Bolivia: Life at the Extreme Edge of Climate Change


The Earth is really truly changing right before our eyes, weather patterns are more erratic than ever before, storms more severe, droughts more parched, and glaciers disappearing faster than ever. This is climate change, and it is different… different from what anybody remembers as a child while growing up. But, nobody on planet earth is more sensitive to these changes than the people who live in the high Andes where aerial photos that were taken in 1983, when compared to today, show one-half of the 20,000-year-old glaciers have vanished within the past couple of decades, much faster than climatologists predicted.

Glacial time is no longer a cushion!

By the time the oceans start lapping up on the doorsteps of Venice, California’s neighborhood beach homes, gushing thru the skyscraper-canyons of Wall Street, and flooding the city of Miami it will be way too late for finger pointing because by then humankind will be huddled together on high plateaus, perspiring, seething, and hungry, as the masses of people approach the gated communities, seeking recompense, but, in reality, it will be too late. By then, the masses can only point fingers at themselves for letting it happen!

That is the future, but today is now, and the people who deny global warming are the planet’s eco-terrorists, and they should be exposed today, not in the future hiding behind gated communities. Key climate change deniers, according to Rolling Stone magazine, are listed at: Who’s to Blame: 12 Politicians and Execs Blocking Progress on Global Warming, Rolling Stone, January 19, 2011.

The country of Bolivia is dedicated to opening the eyes of the world to upcoming disaster. To better understand this impending disaster it is imperative to read the following article from five years ago because it is even more poignant today: The Big Thaw by Tim Appenzeller, National Geographic staff, National Geographic, June 2007: http://ngm.nationalgeographic.com/print/2007/06/big-thaw/big-thaw-text.  The article is a must read for anybody who cares about global warming; it is an article that commands a re-read. Or, for an updated version on climate change, read this review of Extreme Ice by Nova/National Geographic, which aired on PBS, December 2011; a review of the film appears in Z Magazine.

Will the indigenous people of Bolivia lead the way to ecological salvation for Mother Earth? They intend to do just that. Bolivia’s Law of Mother Earth categorizes natural resources as “blessings,” subject to special rights for nature and the right to pure water and clean air and the right not to be polluted.  Bolivia is on the frontline of climate change because of the high altitude of one-half the country with the tropical rain forest down below. Climate research conducted by glaciologist Edson Ramirez of Universidad Mayor de San Andres claims temperatures have been steadily rising for 60 years in the Andes and on track to rise another 3.5-4C over the next 100 years, turning much of Bolivia into barren desert!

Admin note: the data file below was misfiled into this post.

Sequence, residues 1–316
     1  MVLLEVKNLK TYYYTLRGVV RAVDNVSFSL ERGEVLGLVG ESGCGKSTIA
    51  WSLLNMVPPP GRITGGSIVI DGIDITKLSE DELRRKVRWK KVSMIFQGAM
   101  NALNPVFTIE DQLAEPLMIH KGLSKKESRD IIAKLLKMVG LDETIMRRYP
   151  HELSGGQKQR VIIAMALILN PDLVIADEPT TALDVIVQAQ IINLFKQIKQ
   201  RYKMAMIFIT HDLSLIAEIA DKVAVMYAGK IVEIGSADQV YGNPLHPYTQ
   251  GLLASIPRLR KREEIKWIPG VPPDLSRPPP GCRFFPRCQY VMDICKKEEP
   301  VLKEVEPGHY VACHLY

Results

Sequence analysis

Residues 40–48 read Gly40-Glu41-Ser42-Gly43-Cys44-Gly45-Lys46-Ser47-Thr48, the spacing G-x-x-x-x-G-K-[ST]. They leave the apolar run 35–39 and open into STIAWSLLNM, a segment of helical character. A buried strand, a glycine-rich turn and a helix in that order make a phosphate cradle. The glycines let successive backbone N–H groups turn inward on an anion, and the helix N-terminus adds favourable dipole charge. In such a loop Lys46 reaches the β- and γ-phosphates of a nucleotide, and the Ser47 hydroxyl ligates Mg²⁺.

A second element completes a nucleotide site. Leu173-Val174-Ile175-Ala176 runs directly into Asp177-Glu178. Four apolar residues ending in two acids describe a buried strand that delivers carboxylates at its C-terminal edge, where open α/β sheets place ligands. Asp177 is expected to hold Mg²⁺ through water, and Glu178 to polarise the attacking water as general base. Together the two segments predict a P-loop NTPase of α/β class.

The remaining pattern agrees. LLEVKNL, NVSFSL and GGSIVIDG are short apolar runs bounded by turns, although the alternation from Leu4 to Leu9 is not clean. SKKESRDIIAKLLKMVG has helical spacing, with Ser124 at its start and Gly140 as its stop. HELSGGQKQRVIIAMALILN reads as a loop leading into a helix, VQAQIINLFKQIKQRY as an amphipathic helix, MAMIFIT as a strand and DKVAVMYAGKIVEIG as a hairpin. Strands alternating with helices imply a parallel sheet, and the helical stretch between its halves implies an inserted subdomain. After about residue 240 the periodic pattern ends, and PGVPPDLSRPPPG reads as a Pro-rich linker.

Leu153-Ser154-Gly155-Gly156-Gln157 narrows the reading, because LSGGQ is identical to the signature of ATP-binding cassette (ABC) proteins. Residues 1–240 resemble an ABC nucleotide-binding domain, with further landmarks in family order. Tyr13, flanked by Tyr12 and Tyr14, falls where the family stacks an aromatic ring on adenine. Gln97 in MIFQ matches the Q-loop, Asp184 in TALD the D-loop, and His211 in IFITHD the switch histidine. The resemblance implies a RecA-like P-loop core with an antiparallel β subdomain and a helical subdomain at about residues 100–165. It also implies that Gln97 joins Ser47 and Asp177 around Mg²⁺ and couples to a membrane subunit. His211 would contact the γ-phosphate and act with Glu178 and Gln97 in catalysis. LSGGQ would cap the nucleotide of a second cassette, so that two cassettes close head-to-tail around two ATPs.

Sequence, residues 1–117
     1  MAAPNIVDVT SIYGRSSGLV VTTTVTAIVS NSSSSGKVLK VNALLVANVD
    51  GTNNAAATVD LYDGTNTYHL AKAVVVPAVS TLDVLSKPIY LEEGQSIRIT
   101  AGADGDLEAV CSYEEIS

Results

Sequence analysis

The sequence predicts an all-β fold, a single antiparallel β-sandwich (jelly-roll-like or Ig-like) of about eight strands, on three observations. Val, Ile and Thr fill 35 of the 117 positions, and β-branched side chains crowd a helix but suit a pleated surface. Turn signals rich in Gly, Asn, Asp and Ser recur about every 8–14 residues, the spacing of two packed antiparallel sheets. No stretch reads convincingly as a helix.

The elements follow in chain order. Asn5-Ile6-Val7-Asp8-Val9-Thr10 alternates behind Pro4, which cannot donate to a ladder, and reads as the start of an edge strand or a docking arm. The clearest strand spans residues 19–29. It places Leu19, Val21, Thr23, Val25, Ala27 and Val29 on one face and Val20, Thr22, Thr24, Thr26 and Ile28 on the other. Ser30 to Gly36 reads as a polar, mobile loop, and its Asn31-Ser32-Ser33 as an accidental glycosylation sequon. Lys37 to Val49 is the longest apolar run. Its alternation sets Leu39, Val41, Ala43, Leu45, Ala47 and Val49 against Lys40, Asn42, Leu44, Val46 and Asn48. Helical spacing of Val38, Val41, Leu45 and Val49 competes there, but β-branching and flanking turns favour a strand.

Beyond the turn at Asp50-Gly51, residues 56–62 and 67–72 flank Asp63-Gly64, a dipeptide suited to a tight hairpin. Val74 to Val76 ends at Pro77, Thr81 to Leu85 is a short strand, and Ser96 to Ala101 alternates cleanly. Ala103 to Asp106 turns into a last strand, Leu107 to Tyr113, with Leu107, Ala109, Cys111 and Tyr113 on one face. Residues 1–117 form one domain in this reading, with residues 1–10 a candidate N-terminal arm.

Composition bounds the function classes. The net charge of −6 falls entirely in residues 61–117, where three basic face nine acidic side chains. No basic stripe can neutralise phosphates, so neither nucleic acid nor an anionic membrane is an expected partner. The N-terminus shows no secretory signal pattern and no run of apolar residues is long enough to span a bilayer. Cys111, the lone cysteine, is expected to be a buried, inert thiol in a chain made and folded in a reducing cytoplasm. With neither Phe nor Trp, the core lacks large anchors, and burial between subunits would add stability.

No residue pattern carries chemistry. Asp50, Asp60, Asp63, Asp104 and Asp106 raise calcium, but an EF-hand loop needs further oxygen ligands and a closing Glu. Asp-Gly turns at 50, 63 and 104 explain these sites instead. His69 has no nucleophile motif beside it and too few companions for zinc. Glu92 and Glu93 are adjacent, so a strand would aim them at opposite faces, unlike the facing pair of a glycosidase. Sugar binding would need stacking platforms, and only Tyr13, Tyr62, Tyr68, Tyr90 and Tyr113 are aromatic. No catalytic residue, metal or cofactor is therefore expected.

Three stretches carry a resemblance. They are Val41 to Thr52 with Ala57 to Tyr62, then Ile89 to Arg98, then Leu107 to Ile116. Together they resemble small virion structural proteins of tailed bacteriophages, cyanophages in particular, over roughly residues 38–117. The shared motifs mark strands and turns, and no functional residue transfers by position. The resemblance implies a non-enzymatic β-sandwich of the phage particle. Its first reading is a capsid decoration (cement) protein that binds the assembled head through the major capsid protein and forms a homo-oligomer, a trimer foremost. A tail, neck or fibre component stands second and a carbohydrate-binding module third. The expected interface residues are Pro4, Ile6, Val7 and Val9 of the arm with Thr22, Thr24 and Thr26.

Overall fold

In 2011 The Guardian’s John Vidal (UK) traveled to the high country to personally see the effects of global warming. Vidal traveled to the Andes’ foothills at 3,900 metres (2.5 miles) elevation to a village where methodical farming practices have been the same for over 100 years, and he met farmers who are on the front line of how climate change has impacted their decades-old farming techniques. Faustino Mamari, a village community leader, showed Vidal plants that consistently produced 50 beans per annum, year in year out, but now produce only 3-4-5 beans. With rising temperatures, infestations that previously did not bother crops because of the climate have migrated up the mountainside, following the warmer trend. Furthermore, the normal seasonal weather patterns of the past decades have turned unpredictable and as a result, destructive to regular farming practices. Today, the century-old homesteads of the farming village are nearly half empty.

Regarding the warming trend in Bolivia: David Choque Huana, Bolivia’s Foreign Secretary explains climate change this way: “If a person knows a plane on take-off only has a 50% chance of landing at its destination. Would that person let his son get on board? No, he wouldn’t. That’s the risk with two degrees centigrade the planet has a 50/50 chance of survival… We believe that everything on the planet forms part of a big family.”